September 10, 2020
Research Review: Does Gestational Hypertension Need to be Redefined and the Threshold Reduced?
By: Sharon Muza, BS, CD/BDT(DONA), LCCE, FACCE, CLE | 0 Comments
Gestational hypertension is a major concern as people move through their pregnancy. Abnormal blood pressures indicating a hypertensive disorder is a significant cause of adverse maternal and neonatal outcomes worldwide. Preeclampsia along with infection and hemorrhage are the three largest cases of maternal mortality currently. It is thought that 1 in 4 deaths that occur from hypertension/preeclampsia in pregnant people are preventable. A new study was just released “A new definition of gestational hypertension? New-onset blood pressures of 130 to 139/80 to 89 mm Hg after 20 weeks of gestation” that attempts to predict those pregnant people who may be at risk of experiencing a hypertensive disorder of pregnancy.
In 2017, the American Heart Association (AHA) and the American College of Cardiology (ACC) released new blood pressure guidelines that lowered the diagnostic threshold for hypertension. Previously the criteria was a reading equal to or greater than 140/90, (now defined as stage 2 hypertension) but now a reading in the range of 130/80 to 139/89 (now defined as stage 1 hypertension) is considered hypertensive and should initiate further monitoring and treatment.
Researchers wanted to examine whether documented blood pressures at 20 weeks gestation or beyond that fell into the stage 1 hypertensive range put the pregnant person at higher risk of adverse pregnancy outcomes.
How the study was done
Information for this retrospective study was collected at Barnes-Jewish Hospital in St. Louis, MO between January 01, 2014 and June 08, 2016 from people pregnant with a singleton who received prenatal care and delivered at that facility during that time. Research clinicians extracted blood pressure information, demographic details, and delivery outcomes from the medical records. To be included in the data pool, patients had to have had at least one prenatal visit prior to 20 weeks, had regular blood pressure checks after 20 weeks and delivered at or after 23 weeks of gestation.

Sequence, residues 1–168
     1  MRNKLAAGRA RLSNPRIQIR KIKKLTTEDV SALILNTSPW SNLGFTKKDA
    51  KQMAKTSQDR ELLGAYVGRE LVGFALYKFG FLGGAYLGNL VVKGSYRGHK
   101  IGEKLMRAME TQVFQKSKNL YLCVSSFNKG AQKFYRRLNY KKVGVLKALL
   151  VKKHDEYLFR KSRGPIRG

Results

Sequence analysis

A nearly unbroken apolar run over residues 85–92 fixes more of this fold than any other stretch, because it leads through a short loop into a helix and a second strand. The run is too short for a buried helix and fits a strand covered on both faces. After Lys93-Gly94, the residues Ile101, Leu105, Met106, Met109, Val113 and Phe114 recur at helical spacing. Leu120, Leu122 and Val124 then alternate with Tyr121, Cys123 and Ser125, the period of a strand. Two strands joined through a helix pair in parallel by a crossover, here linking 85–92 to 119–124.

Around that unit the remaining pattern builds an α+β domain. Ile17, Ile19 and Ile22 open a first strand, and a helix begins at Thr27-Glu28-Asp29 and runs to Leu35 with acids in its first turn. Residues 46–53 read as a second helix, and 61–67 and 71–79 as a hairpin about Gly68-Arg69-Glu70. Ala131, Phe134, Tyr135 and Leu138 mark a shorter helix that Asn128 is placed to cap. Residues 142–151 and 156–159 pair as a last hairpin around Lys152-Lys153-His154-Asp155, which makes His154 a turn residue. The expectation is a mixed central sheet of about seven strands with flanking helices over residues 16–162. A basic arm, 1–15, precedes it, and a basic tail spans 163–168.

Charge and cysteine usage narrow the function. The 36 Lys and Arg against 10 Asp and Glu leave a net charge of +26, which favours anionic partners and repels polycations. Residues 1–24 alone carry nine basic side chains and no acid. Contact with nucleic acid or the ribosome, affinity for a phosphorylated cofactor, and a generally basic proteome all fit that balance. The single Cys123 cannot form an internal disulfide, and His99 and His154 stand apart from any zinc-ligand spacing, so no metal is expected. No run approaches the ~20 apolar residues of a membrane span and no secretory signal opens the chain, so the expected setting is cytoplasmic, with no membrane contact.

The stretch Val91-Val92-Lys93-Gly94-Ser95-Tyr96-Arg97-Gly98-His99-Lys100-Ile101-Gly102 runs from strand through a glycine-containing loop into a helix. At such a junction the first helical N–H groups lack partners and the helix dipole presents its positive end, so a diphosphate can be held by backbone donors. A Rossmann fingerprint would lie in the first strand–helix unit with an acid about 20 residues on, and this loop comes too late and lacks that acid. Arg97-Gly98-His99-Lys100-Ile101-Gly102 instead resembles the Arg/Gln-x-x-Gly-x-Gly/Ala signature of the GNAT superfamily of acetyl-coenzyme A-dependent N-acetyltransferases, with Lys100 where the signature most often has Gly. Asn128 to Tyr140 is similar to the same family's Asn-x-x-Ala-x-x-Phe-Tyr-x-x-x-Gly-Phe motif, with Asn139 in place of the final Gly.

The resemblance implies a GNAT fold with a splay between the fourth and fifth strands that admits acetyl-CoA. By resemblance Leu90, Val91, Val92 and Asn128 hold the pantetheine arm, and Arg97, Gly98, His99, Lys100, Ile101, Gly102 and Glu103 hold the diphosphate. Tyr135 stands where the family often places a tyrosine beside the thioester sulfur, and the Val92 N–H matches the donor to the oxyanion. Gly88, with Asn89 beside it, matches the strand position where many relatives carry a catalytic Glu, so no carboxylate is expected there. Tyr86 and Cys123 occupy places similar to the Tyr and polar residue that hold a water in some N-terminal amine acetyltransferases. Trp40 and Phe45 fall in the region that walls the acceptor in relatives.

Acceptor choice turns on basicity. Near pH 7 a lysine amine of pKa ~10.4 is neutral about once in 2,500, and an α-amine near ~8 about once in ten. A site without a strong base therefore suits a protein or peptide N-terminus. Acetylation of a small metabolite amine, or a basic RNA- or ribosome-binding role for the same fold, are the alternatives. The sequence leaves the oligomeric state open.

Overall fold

Patients were excluded for multiple gestations, pre-existing diagnosis of hypertension before 20 weeks of gestation or if they did not ultimately deliver at Barnes-Jewish.
Qualified subjects were then sorted into two groups: Normotensive patients who had all blood pressure readings below 130/80 before 20 weeks of gestational age and no pre-existing conditions of chronic hypertension and the exposure group, consisting of people who had a single maximum blood pressure reading of 130 to 139/80 to 89 between 20 gestational weeks and birth. The control group consisted of people who did not have any readings over 130/80 between 20 weeks and delivery.
The primary outcome measured was the development of any hypertensive disorder of pregnancy (HDP) which might include gestational hypertension, preeclampsia (and assorted symptoms) or eclampsia at the time of admission or delivery. The researchers also looked at those patients who were readmitted for any of these conditions along with secondary outcomes in the birthing person or in the newborn, including hemorrhage, ICU admit, NICU admit, heart failure, intubation, pulmonary edema, kidney injury, small for gestational age newborns, preterm births, intrauterine death, APGAR scores less than 3 at 5 minute, low umbilical artery pH, respiratory support needs, neonatal seizures or neonatal death prior to discharge.
What were the results
2090 normotensive people qualified to be included in the project. 63% of these patients remained normotensive until delivery admission and 37% were classified as stage 1 hypertensive as a result of blood pressure elevations between 130 and 139/80 to 89 in the period of 20 weeks and delivery admission. Researchers share the differences observed in regards to race, parity, gestational age and delivery, average maximum blood pressure, BMI, rates of pregestational and gestational diabetes and birthweight in the table below.